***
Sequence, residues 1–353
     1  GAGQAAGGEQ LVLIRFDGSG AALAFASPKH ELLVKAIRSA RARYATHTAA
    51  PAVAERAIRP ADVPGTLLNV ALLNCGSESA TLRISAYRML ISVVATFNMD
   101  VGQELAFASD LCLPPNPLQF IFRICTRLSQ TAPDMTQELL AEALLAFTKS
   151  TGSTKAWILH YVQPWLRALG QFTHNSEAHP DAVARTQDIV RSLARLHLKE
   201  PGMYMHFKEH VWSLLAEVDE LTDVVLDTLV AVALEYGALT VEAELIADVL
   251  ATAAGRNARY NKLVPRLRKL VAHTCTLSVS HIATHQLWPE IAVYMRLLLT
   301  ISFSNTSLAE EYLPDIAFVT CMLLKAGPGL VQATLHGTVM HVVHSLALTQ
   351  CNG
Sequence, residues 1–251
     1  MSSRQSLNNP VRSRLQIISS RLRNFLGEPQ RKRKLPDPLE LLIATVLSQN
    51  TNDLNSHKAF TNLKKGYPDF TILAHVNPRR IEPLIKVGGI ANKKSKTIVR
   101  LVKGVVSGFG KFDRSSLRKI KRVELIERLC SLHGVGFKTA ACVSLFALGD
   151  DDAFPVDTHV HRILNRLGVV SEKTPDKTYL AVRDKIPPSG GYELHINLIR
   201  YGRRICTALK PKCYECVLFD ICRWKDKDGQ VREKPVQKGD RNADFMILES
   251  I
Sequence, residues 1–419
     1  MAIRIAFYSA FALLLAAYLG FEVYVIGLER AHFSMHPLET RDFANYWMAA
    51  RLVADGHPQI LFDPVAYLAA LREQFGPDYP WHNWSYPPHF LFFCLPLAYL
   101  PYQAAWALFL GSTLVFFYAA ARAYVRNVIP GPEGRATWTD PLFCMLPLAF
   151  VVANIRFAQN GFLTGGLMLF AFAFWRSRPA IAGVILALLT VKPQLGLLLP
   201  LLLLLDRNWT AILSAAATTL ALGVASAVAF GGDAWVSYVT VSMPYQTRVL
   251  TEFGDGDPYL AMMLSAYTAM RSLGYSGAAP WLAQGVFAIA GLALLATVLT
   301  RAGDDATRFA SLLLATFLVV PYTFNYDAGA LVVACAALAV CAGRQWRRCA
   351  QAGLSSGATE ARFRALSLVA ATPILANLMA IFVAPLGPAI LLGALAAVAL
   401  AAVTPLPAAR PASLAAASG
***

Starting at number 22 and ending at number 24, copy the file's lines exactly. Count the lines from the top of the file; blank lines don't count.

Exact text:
   201  LLLLLDRNWT AILSAAATTL ALGVASAVAF GGDAWVSYVT VSMPYQTRVL
   251  TEFGDGDPYL AMMLSAYTAM RSLGYSGAAP WLAQGVFAIA GLALLATVLT
   301  RAGDDATRFA SLLLATFLVV PYTFNYDAGA LVVACAALAV CAGRQWRRCA